Allstate Journal

China stock swoon is wildcard as Fed meets on rates

As the first Federal Reserve interest rate hike in nearly a decade nears, so does the importance of every Fed meeting, policy statement and pronouncement. The Fed kicks off its two-day July meeting today, and Wall Street will parse the Fed’s post-meeting statement to see whether the language jibes with a coming rate hike, perhaps as early as September, as Fed chair Janet Yellen hinted earlier this month in her testimony before Congress.janet-yellen-hearing2

Interest rate deliberations come at a time when financial markets are again experiencing turbulence from abroad. While the Greece debt crisis has faded from the front pages after an 11th-hour bailout deal, investors are confronted with a new, more present danger in China, whose stock market is in free-fall, conjuring comparisons to the U.S. dot-com stock crash that began in spring 2000.

Wall Street, no doubt, will be looking for clues from the Fed as to whether the Chinese market storm is enough to give them pause and hold off on rate hikes until they can get a better handle on whether the latest global headwind out of China will weigh on U.S. growth. China is the world’s second-biggest economy, so what happens in China impacts other economies around the globe. China’s Shanghai composite index plunged 8.5% Monday and another 1.7% today, and is down about 30% from its recent June peak and deep in bear-market territory.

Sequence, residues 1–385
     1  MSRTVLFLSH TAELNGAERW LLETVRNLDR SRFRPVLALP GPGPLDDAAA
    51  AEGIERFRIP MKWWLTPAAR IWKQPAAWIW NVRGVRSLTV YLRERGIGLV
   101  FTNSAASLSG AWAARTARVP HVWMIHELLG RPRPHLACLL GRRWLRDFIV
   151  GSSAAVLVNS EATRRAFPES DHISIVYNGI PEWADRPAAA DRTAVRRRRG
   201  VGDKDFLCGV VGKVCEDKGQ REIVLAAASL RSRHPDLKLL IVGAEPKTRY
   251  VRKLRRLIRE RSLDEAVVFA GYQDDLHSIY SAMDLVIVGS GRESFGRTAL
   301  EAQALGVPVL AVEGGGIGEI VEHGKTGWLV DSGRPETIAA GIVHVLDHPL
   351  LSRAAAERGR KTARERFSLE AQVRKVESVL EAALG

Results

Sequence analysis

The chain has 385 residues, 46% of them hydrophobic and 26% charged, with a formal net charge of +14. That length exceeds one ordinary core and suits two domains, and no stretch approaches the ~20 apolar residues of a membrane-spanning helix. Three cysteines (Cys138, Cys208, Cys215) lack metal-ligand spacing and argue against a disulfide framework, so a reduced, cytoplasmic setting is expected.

In her comments to Congress two weeks ago, Yellen insisted that the conditions in the U.S. — namely a strengthening labor market and rebounding economy — suggest that the appropriate time for a rate hike is nearing. And Michael Gapen at Barclays believes the day for a hike is just months away. “We maintain our call for a September rate hike,” Gapen wrote in a report. “Improvements in the U.S. economy over the past several years leave the economy in a position in which rate hikes are not only possible but are also likely desirable.” While Wall Street knows a hike is coming, investors might get spooked if Yellen hints at a rate hike in the very near future.